By the time you read this, I’ll probably be crazy jet lagged in New York City and/or dragging my poor boyfriend Erlend around to the 12+ bakeries that I want to visit. Everybody’s probably crazy busy with Christmas coming up so fast, so I’ll keep today’s post short and sweet by asking: what’s on your Christmas wish list?

Erlend and I exchanged Christmas presents early since we didn’t want to drag our presents all the way to New York with us. I gave him the waterproof shoes that he requested (we do live in Portland, after all),  along with this lovely sweater made from Alpaca wool and leather elbow patches that I hopefully will steal for myself one day. He also got me a pair of leather walking boots, and a slow cooker to help me with dinners on weekday nights, something I am notoriously awful at making for myself.

Other items on my wish list?

…and more, but I’m too embarrassed by my rampant consumerism to list them all here. So for now, let’s move on to these spiced crème brûlée teacups. These were adapted from my ebook, 12 Days of Christmas Desserts, which is available for download for FREE to anybody:



This recipe puts a holiday twist on traditional French crème brûlée — instead of a traditional vanilla bean custard, the custard’s cream base has been infused with cinnamon sticks, star anise, nutmeg and cloves. I like to think that they taste like Christmas in a cup, since you can bake them in ovenproof teacups for a particularly festive look.

Happy Holidays, everybody!


Get the Recipe: Spiced Crème Brûlée

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For the Spiced Custard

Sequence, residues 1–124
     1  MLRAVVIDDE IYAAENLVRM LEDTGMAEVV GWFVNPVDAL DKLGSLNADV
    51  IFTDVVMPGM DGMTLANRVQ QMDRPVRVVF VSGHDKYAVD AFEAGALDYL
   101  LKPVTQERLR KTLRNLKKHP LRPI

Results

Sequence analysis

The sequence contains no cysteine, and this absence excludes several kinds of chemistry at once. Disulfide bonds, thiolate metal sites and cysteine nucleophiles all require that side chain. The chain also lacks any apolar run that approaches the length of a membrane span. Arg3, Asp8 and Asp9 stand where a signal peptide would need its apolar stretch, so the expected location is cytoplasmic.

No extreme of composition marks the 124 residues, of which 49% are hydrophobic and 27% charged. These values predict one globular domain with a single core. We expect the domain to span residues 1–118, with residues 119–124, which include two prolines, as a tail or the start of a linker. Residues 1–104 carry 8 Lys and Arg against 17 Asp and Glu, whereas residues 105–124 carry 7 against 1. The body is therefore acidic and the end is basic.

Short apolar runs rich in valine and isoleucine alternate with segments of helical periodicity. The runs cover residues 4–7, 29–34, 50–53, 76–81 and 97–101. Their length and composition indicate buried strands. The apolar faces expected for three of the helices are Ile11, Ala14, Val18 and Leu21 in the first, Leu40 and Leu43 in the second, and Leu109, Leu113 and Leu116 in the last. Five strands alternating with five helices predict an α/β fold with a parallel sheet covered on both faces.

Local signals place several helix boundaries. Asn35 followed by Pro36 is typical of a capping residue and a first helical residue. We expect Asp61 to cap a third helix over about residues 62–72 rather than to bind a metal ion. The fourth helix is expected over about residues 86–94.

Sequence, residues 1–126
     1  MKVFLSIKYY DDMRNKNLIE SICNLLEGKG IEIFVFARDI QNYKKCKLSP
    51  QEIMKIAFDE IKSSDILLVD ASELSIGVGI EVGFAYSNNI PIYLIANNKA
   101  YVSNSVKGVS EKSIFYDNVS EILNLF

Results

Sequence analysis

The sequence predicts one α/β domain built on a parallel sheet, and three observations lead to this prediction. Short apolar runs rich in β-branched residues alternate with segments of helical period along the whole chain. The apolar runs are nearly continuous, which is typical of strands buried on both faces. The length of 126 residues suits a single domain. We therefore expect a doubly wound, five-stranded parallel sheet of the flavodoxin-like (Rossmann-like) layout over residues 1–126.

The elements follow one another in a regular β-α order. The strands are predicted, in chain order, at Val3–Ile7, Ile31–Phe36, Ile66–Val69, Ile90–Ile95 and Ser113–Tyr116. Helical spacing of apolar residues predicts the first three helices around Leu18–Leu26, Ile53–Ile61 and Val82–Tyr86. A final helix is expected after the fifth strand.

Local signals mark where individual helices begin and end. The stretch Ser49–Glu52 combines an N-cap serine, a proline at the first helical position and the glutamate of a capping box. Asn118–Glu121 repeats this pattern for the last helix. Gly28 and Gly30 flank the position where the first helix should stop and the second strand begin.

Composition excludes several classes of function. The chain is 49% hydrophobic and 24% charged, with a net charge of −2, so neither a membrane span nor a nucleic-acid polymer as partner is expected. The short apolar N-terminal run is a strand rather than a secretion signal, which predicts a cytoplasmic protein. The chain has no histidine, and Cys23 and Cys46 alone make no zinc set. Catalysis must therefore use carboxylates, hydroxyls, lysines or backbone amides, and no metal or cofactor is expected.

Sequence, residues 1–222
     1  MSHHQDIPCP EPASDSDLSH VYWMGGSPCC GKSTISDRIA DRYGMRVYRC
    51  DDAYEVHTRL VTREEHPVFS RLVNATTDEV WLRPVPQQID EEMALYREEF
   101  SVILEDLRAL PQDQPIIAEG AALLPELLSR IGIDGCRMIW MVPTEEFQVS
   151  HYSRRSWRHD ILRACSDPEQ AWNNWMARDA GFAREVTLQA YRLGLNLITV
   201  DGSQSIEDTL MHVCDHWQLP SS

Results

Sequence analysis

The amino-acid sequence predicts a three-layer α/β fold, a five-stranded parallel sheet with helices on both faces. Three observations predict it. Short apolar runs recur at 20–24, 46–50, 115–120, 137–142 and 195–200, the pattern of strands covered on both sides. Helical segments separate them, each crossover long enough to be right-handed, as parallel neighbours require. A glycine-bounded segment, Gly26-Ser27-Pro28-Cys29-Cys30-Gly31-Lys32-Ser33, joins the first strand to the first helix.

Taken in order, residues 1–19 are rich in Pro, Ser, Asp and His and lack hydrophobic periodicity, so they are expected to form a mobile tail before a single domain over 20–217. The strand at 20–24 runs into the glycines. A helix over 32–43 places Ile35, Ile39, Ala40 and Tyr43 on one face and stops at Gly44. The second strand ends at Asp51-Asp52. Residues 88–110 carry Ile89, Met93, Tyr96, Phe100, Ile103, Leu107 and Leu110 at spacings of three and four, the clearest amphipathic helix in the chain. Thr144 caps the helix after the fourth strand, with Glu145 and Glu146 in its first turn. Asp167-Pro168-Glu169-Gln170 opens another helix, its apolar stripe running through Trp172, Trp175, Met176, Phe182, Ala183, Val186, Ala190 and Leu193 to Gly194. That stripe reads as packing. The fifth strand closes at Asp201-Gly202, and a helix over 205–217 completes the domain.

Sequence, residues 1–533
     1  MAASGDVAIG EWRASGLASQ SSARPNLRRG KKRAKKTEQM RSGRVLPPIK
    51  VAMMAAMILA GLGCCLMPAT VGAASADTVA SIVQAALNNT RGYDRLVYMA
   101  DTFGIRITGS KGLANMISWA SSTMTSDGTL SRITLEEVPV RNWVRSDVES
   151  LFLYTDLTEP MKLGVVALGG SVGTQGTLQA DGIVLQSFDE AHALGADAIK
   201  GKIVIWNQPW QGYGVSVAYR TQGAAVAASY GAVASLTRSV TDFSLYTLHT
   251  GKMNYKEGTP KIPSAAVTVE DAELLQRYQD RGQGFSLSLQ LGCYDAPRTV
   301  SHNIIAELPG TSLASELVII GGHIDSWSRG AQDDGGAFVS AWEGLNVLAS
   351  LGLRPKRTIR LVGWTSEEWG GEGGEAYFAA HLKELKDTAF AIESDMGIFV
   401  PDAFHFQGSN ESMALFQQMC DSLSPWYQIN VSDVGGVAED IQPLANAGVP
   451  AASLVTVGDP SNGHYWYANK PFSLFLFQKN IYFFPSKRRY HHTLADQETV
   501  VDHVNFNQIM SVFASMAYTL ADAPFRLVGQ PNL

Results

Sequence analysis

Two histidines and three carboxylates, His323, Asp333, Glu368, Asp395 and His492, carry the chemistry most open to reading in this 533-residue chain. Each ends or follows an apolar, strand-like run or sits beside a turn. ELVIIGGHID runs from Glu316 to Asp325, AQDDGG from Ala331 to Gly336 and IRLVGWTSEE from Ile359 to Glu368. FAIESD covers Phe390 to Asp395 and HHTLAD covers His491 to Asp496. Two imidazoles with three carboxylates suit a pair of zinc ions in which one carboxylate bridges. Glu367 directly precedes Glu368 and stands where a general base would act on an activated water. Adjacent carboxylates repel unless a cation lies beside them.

• 4 cups heavy cream
  • 3/4 cups granulated sugar, divided into two equal half portions (1/4 cup plus 2 tablespoons)
  • 2 cinnamon sticks
  • 1 (whole) star anise
  • 7 large egg yolks
  • 2 teaspoons vanilla extract
  • 1/4 teaspoon coarse salt
  • 1/4 teaspoon ground nutmeg
  • 1/8 teaspoon ground cloves

For the Brûlée Topping

  • 3/4 cup granulated sugar


  • a culinary chef’s torch


  • Preheat the oven to 300 (F). Bring a kettle or pot of water to a boil, and place eight 5-ounce ramekins in a large roasting pan.
  • In a large, heatproof mixing bowl, whisk together the remaining 1/4 cup plus 2 tablespoons granulated sugar, 7 large egg yolks, 2 teaspoons vanilla extract, 1/4 teaspoon coarse salt, 1/4 teaspoon ground nutmeg and 1/8 teaspoon ground cloves. Set aside.
  • In a medium saucepan, combine 4 cups heavy cream and 1/4 cup plus 2 tablespoons (half of the ingredient portion) granulated sugar, whisking together. Heat over medium until the mixture starts to bubble around the edges of the pan, around 7 to 8 minutes. Be careful not to let the mixture boil — you just want it to come to a very hot but gentle simmer.
  • Once the cream mixture is steaming gently, remove it from heat. Temper the eggs by using a ladle to pour a small amount of the hot cream into the egg mixture, whisking the egg mixture continuously. Add two more ladles of cream mixture, one at a time, while continuing to whisk the egg mixture. Gradually whisk in the remaining cream mixture, before straining through a fine mesh sieve into a large liquid measuring cup.
  • Divide the custard evenly amongst the 8 ramekins. Place pan in the oven, before adding enough boiling water into the pan to come halfway up the sides of the ramekins. Bake until the custards are just set (they should be set in the sides of the ramekin, but jiggle in the center), around 30 to 40 minutes. Once the custards are set, use tongs to carefully remove dishes from their hot water bath and allowing to cool on a wire rack for 30 minutes, before covering with plastic wrap and chilling overnight to finish setting in the refrigerator.
  • To serve, sprinkle about 1 1/2 tablespoons granulated sugar over each custard. Pass the flame of a chef’s torch in a circular motion 1 to 2 inches above the surface of each ramekin until the sugar bubbles, turns amber, and forms a smooth surface. Let rest for one minute, before serving immediately.
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